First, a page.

2. Symbol use is what makes human beings human (Burke stays away from metaphysics leaving it up to us to decide where language originated. Was the potential for language implicit in the Big Bang or did some metaphysical creator invent language? Burke is not interested in where language comes from rather; he is interested in what it does now that it’s here. If YOU care, it’s up to you to decide) Inherent in language is the negative and it is the negative that moralizes humanity.  The negative is not only “what is not” but also “thou shalt not”
  3. There are no “nots” and “thou shalt nots” in nature. They exist only in language. Because language is uniquely human, thou shalt nots are uniquely human, thus, morality is uniquely human.
  4. The thou shalt nots are instilled in us tikes.  We are “negatively infused…our character is built of our responses to the thousands of thou shalt nots of morality”

 

Our character is built based on the acceptance or rejection of them.

 

So…. no negative, no character – no character, no action – no action, we are no longer human. What makes us human is contingent on our ability to act, which is contingent on the negative, which is contingent on language. NO LANGUAGE, NO HUMANS.

 

     5. Ethics are grounded in morality. Morality is grounded in language.  Burke has just demystified morality.

         So we will do better to root our ethical guidelines and standards in this thing called language than if we

         attempt to root them in some unknown metaphysical entity.

 

    6. So out of the negative and cultural and biological needs we develop a code (or many different codes) of  

        ethics. We then establish laws, rules, order, and ways of understanding based on these ethics. (we also

        create guilt when we fail to live up to them but that is another post entirely).

 

More on Burke: http://www.amazon.co.../ref=pd_sim_b_2

 

http://www.comm.umn....ke/rhetrel.html



#86 china cat

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Posted 27 October 2013 - 01:03 PM

I don't think any moral is fundamentally true/valid in its own right.  Even if 999,999 people out of a million agree that stealing is bad, it doesn't mean that stealing is bad in and of itself.

 

It just means that most people agree that stealing is bad.  When that happens, we assign "not stealing" to be a moral or ethical practice.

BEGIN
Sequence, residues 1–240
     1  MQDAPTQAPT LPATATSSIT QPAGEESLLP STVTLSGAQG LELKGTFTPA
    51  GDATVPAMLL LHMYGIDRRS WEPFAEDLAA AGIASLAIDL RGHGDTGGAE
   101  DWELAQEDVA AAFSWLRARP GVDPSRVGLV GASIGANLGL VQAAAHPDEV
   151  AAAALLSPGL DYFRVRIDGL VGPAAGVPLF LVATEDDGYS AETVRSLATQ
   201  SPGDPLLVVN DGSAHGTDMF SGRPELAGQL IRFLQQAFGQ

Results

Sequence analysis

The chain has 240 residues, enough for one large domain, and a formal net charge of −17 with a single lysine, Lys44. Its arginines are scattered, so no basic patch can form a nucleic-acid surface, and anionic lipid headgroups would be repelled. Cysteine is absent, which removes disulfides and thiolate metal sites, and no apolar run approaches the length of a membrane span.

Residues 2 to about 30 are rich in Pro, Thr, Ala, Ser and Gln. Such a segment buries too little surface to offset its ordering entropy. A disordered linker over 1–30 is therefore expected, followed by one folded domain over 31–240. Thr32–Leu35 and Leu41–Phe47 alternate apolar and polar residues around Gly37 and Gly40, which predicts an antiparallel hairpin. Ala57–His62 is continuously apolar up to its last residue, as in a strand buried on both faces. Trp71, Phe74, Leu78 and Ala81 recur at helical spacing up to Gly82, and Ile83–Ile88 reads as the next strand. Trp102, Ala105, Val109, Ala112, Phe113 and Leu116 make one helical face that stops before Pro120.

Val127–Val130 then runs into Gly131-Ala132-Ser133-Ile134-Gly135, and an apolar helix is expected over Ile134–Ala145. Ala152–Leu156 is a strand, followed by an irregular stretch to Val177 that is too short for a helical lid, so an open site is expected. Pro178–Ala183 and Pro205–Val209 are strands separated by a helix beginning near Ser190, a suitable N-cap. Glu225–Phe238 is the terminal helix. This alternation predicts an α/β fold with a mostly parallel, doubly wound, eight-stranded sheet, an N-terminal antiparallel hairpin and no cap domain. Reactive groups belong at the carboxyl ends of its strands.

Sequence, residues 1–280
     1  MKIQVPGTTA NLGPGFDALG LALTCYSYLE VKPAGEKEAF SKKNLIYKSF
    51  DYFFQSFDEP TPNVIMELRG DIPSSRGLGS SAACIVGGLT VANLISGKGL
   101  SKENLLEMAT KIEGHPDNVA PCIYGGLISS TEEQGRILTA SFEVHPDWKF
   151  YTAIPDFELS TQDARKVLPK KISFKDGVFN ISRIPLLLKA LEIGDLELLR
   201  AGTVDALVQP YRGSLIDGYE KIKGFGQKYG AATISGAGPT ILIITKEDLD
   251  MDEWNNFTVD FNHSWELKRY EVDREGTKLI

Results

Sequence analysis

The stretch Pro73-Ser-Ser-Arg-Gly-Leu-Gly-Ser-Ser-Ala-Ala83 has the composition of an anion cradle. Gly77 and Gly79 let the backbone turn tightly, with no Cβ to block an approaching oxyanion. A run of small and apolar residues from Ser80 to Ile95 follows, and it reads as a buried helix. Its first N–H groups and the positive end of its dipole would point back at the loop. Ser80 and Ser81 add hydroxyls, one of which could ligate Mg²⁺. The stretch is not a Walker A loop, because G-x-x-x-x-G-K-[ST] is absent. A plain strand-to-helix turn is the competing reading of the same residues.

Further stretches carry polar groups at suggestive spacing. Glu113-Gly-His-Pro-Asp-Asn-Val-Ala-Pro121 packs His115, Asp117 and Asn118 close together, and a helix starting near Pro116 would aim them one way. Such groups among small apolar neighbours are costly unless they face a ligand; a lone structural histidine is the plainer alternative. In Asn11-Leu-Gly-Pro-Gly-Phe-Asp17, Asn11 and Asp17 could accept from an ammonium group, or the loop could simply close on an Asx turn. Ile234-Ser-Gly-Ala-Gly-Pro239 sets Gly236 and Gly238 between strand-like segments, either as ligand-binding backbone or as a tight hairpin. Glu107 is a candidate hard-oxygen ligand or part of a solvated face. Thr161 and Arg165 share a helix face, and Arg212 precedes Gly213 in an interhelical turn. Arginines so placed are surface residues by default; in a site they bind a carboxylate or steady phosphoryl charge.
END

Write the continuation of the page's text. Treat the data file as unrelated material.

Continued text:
Anybody who behaves in a way that is consistent with what their society deems moral can be said to be a moral person.

 

Many foreign/alien practices may seem immoral to us, as outside viewers.  But that doesn't mean they're fundamentally bad.  It just means that they're inconsistent with the moral constructs of our own immediate society.

 

In fact, nothing can be said to be fundamentally good or bad.  It's all relative, as has been said above.

 

All in all, I don't think "moral" behavior is dependent on religion whatsoever.  Is a Jewish person fundamentally immoral because they are not Islamic?  Vice-Versa?  Or is it just that a person needs to follow some religion, regardless of what that religion may be?  Does a human sacrifice-practicing sect of Satan worshipers count as a religion? 

 

It gets mighty dirty mighty quickly if we say morality is dependent upon religion.

 

Similarly, I don't believe in fundamental human rights.  Don't get me wrong: I live in a way that values equality and other things that we define as "rights."  However, we are not entitled to anything just because we were born.  In fact, I think it's a downright GIFT that someone didn't leave the constantly crying, pant-shitting, helpless being that was me as a baby in a basket floating down a river.

 

In the end, we typically agree on certain things as a society.  We classify these things as human rights, or moral behaviors, or fundamentally good.  But this is all a social construct, and as such, it is just an illusion.

 

lovin your contributions.



#87 Ginger Snap

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Posted 27 October 2013 - 01:36 PM

My two cents...

 

Morality has been argued by some as simply a uniquely human activity and a result of our symbolic capabilities. Animals don't build altars of worship or contemplate the afterlife.